Boosting the immune system to ward off coronavirus

Ronald E. Carrington | 3/26/2020, 6 p.m.
Medical experts say the coronavirus can particularly impact people age 60 and older, those with underlying medical conditions and whose ...
Dr. Freeman

Medical experts say the coronavirus can particularly impact people age 60 and older, those with underlying medical conditions and whose immune systems may be compromised.

A major question, then, is what can people do to boost their immune systems?

The answer is simple, according to Dr. Alice Freeman, a nutritionist and founder and owner of Healthy Heart Plus in Henrico County.

“Go back to the basics.”

She recommends five steps:

• Eat well

• Get extra rest

• Relax and stay stress free • Take vitamins

• Use food as your medicine

The key, Dr. Freeman said, is eating green vegetables every day – mustard or collard greens, string beans, green salads and sea moss.

“The life of who we are is in our blood,” Dr. Freeman said. “Everything green from the water or the earth has the same essential nutrient, chlorophyll, which is like having a natural blood transfusion. Greens re-oxygenate and strengthen our blood.”

Green foods are the perfect natural boost to the immune system, she said.

She cautioned people to cut back on processed foods and to “stay away from highly enriched sugar– cakes, pies and candy – because it will put your immune system to sleep for at least 48 hours.”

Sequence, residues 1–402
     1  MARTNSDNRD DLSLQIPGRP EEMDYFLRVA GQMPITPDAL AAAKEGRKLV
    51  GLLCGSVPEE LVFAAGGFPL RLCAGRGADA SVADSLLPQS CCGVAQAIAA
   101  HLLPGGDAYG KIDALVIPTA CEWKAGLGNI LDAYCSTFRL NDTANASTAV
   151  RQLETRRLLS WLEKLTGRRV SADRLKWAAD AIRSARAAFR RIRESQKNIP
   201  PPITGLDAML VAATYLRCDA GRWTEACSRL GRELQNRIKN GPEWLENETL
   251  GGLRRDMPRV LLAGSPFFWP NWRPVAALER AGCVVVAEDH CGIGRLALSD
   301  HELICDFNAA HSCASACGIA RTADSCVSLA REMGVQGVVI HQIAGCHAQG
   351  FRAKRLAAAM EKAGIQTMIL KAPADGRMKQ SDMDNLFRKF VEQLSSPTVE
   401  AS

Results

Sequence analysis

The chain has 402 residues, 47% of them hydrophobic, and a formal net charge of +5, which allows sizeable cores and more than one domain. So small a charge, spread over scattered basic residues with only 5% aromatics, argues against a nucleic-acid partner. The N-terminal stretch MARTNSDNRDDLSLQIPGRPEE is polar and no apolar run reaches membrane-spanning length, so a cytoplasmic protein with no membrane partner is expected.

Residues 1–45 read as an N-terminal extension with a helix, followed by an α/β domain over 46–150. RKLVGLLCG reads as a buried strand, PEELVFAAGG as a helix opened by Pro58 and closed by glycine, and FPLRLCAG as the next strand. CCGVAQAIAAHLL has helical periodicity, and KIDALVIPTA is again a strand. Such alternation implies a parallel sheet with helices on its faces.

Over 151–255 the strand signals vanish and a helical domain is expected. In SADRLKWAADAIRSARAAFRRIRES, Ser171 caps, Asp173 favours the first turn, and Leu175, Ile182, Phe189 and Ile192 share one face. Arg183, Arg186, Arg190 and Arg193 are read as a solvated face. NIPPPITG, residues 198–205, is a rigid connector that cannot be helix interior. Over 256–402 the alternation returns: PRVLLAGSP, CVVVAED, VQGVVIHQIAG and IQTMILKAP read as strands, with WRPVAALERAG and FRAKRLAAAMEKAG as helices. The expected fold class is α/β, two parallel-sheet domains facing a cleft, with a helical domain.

Adequate sleep and rest bolster the body’s immune response to help fight off sickness. And exercise, napping and quiet time can help reduce stress that can impact the body.

She recommends people stay hydrated by drinking alkaline water, which she said reduces the mucus in the body that carries bacteria and viruses.

“If you cannot purchase alkaline water, use lemon water,” Dr. Freeman said.

Fresh, hot lemon water each morning helps cleanse the liver, she said. When the liver is cleansed, the blood is healed, she said.

She also recommends that families start gardens during the pandemic, either in their yards or in pots or hydroponically.

“Anything coming from a seed will regrow itself without soil,” Dr. Freeman said. “Sweet potato, onions, lettuce and vegetables will regrow themselves.”

She also recommended oatmeal and one or two fruits daily, as well as vitamins A, B and C for children in their developmental stages.

Fresh fruits and vegetables have all the nutrients and minerals our bodies need, she said.

She offered this soup recipe:

Alkalizing and Healing Soup

• 3 celery stalks or bok choy • 3 carrots

• 1 cup spinach leaves

• Parsley

• 1 large onion or 2 cloves garlic

• 3 redskin potatoes

• 1⁄2 teaspoon of herbal seasoning

• 2 cups of water

Cover with water in a soup pot. Let cook until broth has a rich flavor. Strain and drink. You may eat the ingredients.

This healing broth is rich in beta carotene, potassium, sodium, iron and calcium.